• But Google has just announced a move that will shut most of these tactics down: it will cache all images for Gmail users. Embedded images will now be saved by Google, and the e-mail content will be modified to display those images from Google's cache, instead of from a third-party server. E-mail marketers will no longer be able to get any information from images—they will see a single request from Google, which will then be used to send the image out to all Gmail users. Unless you click on a link, marketers will have no idea the e-mail has been seen. While this means improved privacy from e-mail marketers, Google will now be digging deeper than ever into your e-mails and literally modifying the contents. If you were worried about e-mail scanning, this may take things a step further. However, if you don't like the idea of cached images, you can turn it off in the settings. This move will allow Google to automatically display images, killing the "display all images" button in Gmail. Google servers should also be faster than the usual third-party image host. Hosting all images sent to all Gmail users sounds like a huge bandwidth and storage undertaking, but if anyone can do it, it's Google. The new image handling will rollout to desktop users today, and it should hit mobile apps sometime in early 2014. There's also a bonus side effect for Google: e-mail marketing is advertising. Google exists because of advertising dollars, but they don't do e-mail marketing. They've just made a competitive form of advertising much less appealing and informative to advertisers. No doubt Google hopes this move pushes marketers to spend less on e-mail and more on Adsense.
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    There's an antitrust angle to this; it could be viewed by a court as anti-competitive. But given the prevailing winds on digital privacy, my guess would be that Google would slide by.
Paul Merrell

New White House Petition For Net Neutrality - Slashdot - 0 views

  • "On the heels of yesterday's FCC bombshell, there is a new petition on the White House petition site titled, 'Maintain true net neutrality to protect the freedom of information in the United States.' The body reads: 'True net neutrality means the free exchange of information between people and organizations. Information is key to a society's well being. One of the most effective tactics of an invading military is to inhibit the flow of information in a population; this includes which information is shared and by who. Today we see this war being waged on American citizens. Recently the FCC has moved to redefine "net neutrality" to mean that corporations and organizations can pay to have their information heard, or worse, the message of their competitors silenced. We as a nation must settle for nothing less than complete neutrality in our communication channels. This is not a request, but a demand by the citizens of this nation. No bandwidth modifications of information based on content or its source.'"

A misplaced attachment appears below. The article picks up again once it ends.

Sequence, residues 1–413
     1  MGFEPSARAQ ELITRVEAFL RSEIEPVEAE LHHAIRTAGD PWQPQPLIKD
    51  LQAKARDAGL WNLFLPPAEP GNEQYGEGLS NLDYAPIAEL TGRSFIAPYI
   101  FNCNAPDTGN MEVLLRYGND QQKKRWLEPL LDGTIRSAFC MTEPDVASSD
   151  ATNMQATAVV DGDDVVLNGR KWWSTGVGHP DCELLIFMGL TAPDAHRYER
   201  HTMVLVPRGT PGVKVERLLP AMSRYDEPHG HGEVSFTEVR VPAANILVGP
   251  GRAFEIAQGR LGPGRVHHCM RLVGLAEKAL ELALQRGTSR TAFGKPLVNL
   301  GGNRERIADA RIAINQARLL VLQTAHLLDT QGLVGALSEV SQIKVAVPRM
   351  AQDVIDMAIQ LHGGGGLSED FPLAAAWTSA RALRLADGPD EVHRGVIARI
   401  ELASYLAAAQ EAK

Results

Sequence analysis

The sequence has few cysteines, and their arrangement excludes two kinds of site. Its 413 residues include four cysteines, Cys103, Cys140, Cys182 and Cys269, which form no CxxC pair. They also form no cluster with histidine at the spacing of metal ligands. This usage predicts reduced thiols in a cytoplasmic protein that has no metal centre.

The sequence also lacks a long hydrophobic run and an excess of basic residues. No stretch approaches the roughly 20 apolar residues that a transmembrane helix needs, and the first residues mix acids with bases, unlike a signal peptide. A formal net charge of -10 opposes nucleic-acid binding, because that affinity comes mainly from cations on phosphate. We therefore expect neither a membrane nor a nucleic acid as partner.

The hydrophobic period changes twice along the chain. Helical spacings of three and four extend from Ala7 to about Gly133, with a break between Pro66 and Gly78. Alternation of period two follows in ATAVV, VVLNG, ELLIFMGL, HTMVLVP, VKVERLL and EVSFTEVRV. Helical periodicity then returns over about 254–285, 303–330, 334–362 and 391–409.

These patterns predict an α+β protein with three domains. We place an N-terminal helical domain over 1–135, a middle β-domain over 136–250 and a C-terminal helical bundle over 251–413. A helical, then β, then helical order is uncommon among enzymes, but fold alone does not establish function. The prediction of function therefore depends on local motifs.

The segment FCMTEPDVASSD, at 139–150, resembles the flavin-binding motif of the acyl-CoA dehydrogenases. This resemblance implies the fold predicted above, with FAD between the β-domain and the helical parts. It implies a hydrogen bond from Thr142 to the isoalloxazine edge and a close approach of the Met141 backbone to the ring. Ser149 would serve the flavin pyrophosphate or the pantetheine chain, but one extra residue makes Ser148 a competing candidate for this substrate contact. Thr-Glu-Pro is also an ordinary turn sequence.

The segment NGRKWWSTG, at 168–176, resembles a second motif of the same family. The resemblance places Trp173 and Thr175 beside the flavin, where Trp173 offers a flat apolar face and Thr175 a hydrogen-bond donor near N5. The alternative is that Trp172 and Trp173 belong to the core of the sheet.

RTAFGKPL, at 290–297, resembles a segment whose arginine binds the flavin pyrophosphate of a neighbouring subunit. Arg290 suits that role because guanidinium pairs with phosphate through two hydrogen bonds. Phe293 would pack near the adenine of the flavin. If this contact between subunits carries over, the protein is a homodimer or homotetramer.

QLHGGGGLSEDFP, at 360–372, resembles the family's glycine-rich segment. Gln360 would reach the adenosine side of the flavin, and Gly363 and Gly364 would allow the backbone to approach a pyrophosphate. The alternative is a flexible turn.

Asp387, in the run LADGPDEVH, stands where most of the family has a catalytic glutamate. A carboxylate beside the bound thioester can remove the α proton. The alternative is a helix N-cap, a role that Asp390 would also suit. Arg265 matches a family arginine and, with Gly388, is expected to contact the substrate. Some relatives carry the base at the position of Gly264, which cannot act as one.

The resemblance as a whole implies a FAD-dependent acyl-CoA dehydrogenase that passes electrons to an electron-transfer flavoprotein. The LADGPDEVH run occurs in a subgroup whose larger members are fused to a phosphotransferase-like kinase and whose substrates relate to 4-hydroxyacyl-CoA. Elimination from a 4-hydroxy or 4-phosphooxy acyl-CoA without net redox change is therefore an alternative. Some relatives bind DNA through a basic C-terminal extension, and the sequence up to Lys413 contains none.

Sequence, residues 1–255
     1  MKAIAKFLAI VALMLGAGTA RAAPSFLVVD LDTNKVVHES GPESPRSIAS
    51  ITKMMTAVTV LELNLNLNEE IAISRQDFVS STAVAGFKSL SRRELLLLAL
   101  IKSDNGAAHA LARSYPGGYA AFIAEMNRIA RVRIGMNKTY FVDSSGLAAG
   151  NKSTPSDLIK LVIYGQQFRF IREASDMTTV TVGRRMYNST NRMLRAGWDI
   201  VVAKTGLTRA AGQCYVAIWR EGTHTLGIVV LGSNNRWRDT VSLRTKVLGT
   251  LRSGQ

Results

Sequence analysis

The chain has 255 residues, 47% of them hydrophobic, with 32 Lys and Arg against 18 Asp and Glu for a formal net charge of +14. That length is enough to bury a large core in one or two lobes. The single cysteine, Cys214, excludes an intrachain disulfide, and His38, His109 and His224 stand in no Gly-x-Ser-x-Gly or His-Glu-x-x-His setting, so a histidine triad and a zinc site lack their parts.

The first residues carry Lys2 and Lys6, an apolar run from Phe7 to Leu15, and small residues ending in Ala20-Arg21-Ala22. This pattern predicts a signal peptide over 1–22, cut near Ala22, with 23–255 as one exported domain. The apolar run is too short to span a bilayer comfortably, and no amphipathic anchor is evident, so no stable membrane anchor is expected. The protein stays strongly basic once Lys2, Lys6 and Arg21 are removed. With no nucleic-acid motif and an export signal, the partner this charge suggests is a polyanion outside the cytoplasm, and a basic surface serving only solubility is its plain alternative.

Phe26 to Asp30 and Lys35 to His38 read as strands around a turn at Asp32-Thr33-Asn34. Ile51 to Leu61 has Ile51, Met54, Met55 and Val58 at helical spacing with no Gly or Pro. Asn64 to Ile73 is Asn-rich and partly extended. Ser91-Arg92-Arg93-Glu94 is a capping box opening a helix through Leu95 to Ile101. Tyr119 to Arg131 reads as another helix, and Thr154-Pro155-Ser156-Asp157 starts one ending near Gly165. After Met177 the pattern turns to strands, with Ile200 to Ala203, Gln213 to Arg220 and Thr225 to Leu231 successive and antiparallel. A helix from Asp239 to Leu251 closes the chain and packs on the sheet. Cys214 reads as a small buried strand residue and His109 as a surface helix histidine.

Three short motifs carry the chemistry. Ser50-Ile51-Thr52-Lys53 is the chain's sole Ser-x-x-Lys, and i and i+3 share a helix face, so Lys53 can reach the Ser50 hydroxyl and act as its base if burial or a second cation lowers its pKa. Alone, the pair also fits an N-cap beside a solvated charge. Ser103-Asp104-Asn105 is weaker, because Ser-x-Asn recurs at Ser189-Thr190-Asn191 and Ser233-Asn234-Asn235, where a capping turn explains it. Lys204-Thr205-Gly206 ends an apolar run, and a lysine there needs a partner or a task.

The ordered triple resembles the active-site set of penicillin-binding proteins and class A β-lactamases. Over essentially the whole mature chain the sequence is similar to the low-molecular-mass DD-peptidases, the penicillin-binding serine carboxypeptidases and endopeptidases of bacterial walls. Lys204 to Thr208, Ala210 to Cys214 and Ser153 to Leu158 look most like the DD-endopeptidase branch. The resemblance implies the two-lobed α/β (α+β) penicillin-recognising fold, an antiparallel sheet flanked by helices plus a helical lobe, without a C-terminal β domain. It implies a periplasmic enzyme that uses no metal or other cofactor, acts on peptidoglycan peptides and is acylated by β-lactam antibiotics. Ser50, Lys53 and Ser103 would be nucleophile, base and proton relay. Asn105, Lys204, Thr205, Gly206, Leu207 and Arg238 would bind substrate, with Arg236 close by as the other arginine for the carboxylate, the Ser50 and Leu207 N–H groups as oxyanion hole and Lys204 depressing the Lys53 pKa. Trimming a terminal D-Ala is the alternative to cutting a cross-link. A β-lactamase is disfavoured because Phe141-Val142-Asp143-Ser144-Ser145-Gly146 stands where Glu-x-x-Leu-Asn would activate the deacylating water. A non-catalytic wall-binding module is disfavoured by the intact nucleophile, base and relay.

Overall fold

Paul Merrell

Comcast is turning your Xfinity router into a public Wi-Fi hotspot - Dwight Silverman's TechBlog - 0 views

  • Some time on Tuesday afternoon, about 50,000 Comcast Internet customers in Houston will become part of a massive public Wi-Fi hotspot network, a number that will swell to 150,000 by the end of June. Comcast will begin activating a feature in its Arris Touchstone Telephony Wireless Gateway Modems that sets up a public Wi-Fi hotspot alongside a residential Internet customer’s private home network. Other Comcast customers will be able to log in to the hotspots for free using a computer, smartphone or other mobile device. And once they log into one, they’ll be automatically logged in to others when their devices “see” them. Comcast says the hotspot – which appears as “xfinitywifi” to those searching for a Wi-Fi connection – is completely separate from the home network. Someone accessing the Net through the hotspot can’t get to the computers, printers, mobile devices, streaming boxes and more sitting on the host network. Comcast officials also say that people using the Internet via the hotspot won’t slow down Internet access on the home network. Additional capacity is allotted to handle the bandwidth. You can read more about Comcast’s reason for doing this in my report on HoustonChronicle.com.